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BOFH: The evil guide to upgrading switches

Choose your own adventure! Who will win: the Boss or the IT admins? B or B

BOFH logo telephone with devil's hornsEpisode 7 It's five in the morning and the PFY's at Mission Control making a few changes.

His final task will be a firmware update for the core router – which will, if we're lucky, stop a six-monthly out-of-memory issue.

He'll have already updated the firmware of our security camera system (and the resultant downstream updates of the attached cameras' firmware) and then moved on to updating the access control system – which is a little trickier, as the update causes every door in the building to unlock for around 15 seconds before re-securing.

In the old days – well, a few years back – we'd have change-controlled this activity. But luckily change-control was one of those management fads easily stifled with a relentless campaign of punctiliously observing the change control procedures for even the tiniest change.

Even the most stalwart advocate of change control would crumble under the weight of 48 separate "Network Switch Update" change control notifications when permitting an additional VLAN for every user port on a switch.

Multiply that by 28 switches and you've got an inbox full of rubbish obscuring the needle-in-the-haystack firmware update message. 

But those days are long gone. Now we only have to change control the important changes – and "important" is a very subjective term. I mean, upgrading the firmware on the espresso machine? IMPORTANT. Flashing the BIOS on my gaming laptop? IMPORTANT. Core Switch firmware? Not even on our radar.

And speaking of not on our radar, I get a text message that the management VLAN and console port of the core switch are no longer with us …

Obviously there's no need to panic – the pre-boot self-checking of this particular vendor is renowned for being glacially slow and nitpickingly verbose. I don't expect that to come back up for another ten minutes.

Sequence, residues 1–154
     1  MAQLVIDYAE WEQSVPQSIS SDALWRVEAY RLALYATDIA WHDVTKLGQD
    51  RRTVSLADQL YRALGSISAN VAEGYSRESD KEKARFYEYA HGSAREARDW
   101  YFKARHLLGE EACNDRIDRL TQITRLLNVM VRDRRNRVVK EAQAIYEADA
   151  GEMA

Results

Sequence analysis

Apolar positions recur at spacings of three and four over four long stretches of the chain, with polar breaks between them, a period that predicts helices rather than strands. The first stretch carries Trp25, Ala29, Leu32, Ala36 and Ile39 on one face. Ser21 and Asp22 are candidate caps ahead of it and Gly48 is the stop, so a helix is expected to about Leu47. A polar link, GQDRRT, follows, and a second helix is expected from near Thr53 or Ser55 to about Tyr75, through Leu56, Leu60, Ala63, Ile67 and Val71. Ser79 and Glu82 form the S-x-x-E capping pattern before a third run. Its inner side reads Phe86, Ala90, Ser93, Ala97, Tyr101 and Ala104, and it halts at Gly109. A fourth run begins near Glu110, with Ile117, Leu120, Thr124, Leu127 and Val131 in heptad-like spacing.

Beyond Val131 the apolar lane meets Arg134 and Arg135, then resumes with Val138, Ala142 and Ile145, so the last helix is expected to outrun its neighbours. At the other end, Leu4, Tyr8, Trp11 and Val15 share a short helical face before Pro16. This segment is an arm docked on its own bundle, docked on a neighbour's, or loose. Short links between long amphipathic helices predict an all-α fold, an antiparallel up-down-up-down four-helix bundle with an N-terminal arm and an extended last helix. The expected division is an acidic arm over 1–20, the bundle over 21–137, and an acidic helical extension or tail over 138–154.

Ten minutes later the PFY reports no activity on the console, even after checking the serial port settings in case the new firmware's changed the port characteristics – which vendors like to slip into firmware updates without telling anyone.

Ten more minutes later the PFY tells me he's in the server room, looking at a non-standard set of status LEDs. He sends me a photo of the LEDs – which don't represent any of the fault codes I've seen.

After another couple of minutes he sends me an email with a WARNING.TXT file in included in the firmware zip, pointing out that leap-frogging of major updates is no longer supported.

In situations like this there's always a choice.  


A: Go into the ROM monitor, do some low-level deleting, then perform an excruciatingly slow serial upload of the old firmware (which will fail four times out of five, with buffering issues).

OR …

B: Remove any evidence of your work and come in at 8am to "find the switch has failed!"

"It'll be a hardware fault," I tell the Boss, choosing option B like a true professional. "Happens all the time."

"The switch is almost three years old, after all."

I don't tell him that some of our switches are so old they have dust from the Big Bang in them, choosing instead to imply that three years is pretty old for a switch.

"Do we have a spare?" the Boss asks.

"Oh no! I mean, that switch was pretty expensive," I respond.

"How expensive?"


A: Tell him the truth: that the switch concerned only cost a couple of grand and we can probably fix it with a firmware flash in a couple of hours.

OR …

B: There's this app-connected espresso machine with multiple bean hoppers which can grind a blend specific to your personal tastes …

"I think it was about seven grand," I lie, "Option-B"-ing again.

"SEVEN THOUSAND POUNDS!" the Boss gasps.

"It's the 10-gig connectivity," I add. "And we'll have to pay a premium to jump the queue to get it delivered today."

One of the immutable rules of IT budgeting is that a critical failure opens a fatter chequebook than a beautifully presented business case …

"Well, I suppose we'll have to do it," the Boss sighs, heading off up the food chain to break the bad news while I, meanwhile, get onto my coffee supplier with the good news.

Three hours and one large "switch" delivery later, I'm enjoying my first Brazilian/Ethiopian blend of the day as the PFY reloads the switch and we get back online again.

"Is this new?" the Boss asks, spotting our new coffee machine the moment he walks through the door.

"This?" I reply. "No, had it for ages. We just never got around to plumbing it in …"

The words are barely out of my mouth when the Boss's brow wrinkles at the information on his phone in response to his scan of the QR code on the side of the machine.

"This says it was commissioned today."

"Commissioned, yes, but we've had it for ages."

"It says it's the 2022 model." 


A:  Admit you have misappropriated a vast stack of cash for a coffee machine.

OR …

B: Admit nothing and cover your tracks.

"2022 model? No, that's the coffee beans we ordered for the machine this morning. They're over here, on the shelf by the window …"

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